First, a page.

We asked transgender Canadians from across the country their perspectives on the federal election, and what issues were important to them:

Euan Hwang, 26, immigrated from South Korea to Canada 15 years ago. He is a youth program coordinator at Asian Community AIDS Services (ACAS) in Toronto. [Full disclosure: the writer is a member of ACAS’ youth program.]

I feel like none of the current political parties reflect my visions. I feel like none of the political parties are truly interested and invested in the health and well-being of trans Canadians. Even if they have come up with promises, I feel like none of them are feasible promises, but only gestures to get more votes.

What are the most important issues for trans and gender non-conforming Canadians?

Personally, the forgotten issue in the community is the procedure that immigrants/permanent residents/refugees have to go through in order to change their legal documents. There is only a clear instruction for people who are born here, so people who are born outside of Canada are placed in a weird service gap.

Pina Newman, 26, (shown above, right) is a nursing student from Winnipeg. She works as a support group facilitator in Toronto.

What are the most important issues for trans and gender non-conforming Canadians?

As someone working in health care, I am of the stance that access and equality in health care are vital to trans Canadians. This includes social supports such as supportive housing, equality for those with disabilities, supporting mental health, and less financial burden with regards to medical transition. However, I think employment is also a crucial issue faced by trans people. Our unemployment rate is astronomical and we need to know our rights are being reinforced but also need to know we will be able to get jobs regardless of our identities and expressions. Trans people disproportionately live in poverty and all of the above and more plays into that statistic.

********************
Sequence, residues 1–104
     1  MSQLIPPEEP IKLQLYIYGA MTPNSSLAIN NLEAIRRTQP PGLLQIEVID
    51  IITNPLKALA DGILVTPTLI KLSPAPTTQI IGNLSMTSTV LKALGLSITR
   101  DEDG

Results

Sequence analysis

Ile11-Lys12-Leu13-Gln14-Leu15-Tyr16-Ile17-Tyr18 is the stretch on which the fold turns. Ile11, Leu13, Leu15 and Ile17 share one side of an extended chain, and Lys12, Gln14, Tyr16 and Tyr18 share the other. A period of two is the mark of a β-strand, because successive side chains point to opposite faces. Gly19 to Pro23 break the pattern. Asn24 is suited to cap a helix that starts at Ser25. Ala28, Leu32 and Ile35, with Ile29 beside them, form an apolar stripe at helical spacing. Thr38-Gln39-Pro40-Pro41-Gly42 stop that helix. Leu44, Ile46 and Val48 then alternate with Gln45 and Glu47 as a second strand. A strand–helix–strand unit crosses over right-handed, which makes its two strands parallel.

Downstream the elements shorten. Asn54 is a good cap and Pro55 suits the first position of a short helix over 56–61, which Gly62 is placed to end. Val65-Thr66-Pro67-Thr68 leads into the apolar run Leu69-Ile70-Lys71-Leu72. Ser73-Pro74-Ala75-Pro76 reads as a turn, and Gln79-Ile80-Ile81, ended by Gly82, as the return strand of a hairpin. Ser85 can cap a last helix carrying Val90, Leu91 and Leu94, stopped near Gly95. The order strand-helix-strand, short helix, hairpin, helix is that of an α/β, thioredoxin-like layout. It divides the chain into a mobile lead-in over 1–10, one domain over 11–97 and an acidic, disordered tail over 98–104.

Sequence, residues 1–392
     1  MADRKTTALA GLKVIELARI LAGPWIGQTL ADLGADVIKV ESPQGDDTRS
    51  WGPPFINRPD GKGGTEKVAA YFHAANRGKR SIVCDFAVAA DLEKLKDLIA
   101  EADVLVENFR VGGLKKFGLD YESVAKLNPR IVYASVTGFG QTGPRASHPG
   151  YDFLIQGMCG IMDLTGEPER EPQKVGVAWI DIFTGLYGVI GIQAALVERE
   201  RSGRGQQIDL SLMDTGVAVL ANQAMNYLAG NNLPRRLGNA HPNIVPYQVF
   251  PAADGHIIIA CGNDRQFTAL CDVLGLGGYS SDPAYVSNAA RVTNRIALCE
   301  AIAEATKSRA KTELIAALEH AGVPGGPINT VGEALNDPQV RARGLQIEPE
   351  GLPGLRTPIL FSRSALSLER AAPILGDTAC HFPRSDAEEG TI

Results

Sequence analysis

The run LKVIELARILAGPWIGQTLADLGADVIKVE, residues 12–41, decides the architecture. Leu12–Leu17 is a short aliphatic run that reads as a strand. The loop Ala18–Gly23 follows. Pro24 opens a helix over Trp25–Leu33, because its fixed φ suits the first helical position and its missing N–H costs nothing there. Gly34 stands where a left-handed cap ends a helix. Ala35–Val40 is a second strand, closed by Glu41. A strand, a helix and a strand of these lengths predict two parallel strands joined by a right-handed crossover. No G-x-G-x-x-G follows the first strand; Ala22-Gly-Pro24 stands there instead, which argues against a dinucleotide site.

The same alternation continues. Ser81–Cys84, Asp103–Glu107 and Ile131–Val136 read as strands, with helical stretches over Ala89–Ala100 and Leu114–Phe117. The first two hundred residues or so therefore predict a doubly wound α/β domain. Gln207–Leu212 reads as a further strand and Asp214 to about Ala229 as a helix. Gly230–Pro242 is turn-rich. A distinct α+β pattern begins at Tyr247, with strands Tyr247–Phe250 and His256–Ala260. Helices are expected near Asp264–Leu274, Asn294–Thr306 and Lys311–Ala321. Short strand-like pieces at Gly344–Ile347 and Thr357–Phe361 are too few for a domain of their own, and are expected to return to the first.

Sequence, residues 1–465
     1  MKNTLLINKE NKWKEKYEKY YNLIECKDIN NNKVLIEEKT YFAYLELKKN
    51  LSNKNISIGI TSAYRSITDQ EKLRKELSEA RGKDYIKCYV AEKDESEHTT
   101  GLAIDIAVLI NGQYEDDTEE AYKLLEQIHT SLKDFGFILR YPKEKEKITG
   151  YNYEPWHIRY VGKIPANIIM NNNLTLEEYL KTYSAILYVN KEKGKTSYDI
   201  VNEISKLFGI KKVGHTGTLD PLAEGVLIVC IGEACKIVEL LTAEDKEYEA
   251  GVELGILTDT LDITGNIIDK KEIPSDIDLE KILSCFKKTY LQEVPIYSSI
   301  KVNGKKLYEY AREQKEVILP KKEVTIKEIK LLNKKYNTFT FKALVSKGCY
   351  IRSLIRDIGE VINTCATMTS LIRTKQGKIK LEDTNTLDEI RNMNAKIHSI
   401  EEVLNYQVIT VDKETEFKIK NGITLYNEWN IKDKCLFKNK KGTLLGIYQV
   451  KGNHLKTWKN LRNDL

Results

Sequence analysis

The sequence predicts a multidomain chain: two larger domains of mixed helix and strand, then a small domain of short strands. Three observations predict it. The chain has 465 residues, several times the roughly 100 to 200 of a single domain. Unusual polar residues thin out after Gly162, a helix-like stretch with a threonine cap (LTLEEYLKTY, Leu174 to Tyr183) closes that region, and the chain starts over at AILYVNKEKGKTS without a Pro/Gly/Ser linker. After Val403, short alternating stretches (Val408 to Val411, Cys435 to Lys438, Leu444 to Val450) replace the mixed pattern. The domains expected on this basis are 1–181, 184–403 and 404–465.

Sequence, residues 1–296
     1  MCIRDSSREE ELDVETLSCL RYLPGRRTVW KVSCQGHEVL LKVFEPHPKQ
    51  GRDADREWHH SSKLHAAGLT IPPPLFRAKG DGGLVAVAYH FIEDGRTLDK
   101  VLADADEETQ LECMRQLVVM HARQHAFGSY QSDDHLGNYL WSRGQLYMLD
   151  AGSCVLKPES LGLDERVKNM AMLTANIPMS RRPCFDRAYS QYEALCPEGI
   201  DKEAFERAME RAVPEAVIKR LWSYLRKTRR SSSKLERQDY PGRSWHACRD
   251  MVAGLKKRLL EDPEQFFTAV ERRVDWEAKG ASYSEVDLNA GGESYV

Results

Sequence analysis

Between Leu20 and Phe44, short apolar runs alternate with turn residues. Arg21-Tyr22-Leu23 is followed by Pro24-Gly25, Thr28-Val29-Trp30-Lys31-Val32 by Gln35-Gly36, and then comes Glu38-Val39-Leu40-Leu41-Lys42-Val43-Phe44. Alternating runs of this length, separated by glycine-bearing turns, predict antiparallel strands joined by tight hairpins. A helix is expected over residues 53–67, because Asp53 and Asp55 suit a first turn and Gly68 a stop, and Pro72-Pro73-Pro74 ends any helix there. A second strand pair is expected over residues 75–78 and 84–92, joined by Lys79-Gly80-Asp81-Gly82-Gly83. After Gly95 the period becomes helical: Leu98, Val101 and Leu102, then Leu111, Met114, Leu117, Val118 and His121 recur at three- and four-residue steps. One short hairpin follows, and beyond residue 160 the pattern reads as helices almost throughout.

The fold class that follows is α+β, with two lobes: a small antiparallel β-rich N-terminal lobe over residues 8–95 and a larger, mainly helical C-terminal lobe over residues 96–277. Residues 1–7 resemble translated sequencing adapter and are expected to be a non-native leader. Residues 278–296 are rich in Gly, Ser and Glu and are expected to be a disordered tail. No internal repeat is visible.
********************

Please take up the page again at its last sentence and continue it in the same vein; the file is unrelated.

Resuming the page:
Jennifer McCreath is the Strength With Democracy candidate in Avalon, N.L. A former NDP supporter, she says she left the party because of how it approached Bill-C279.

I’m seeing lots of Newfoundlanders forced to work in St. John’s. I’ve never seen so many for sale signs and empty houses, it’s kind of sad. I want to help these small towns keep afloat. There’s definitely some personal reason and excitement to get involved with politics because of my classification as a trans woman, someone who’s transitioned. It’s an opportunity to help get us on the map. There’s still a lot of myths and misinformation about what trans people are all about.

Why did you leave the NDP?

When it got time to bring in subject matter experts to testify at the committee meetings, in my opinion their focus was on trying to get a bill passed. They didn't care what the bill said, they were willing to change the wording take out gender expression, throw in definitions and loopholes... they were not bringing in respected trans activists from across the country, they were bringing in gay [and] lesbian activists from Toronto and Ottawa.

Wesley Austin is from Kitchener, Ont. and works customer service for an insurance company.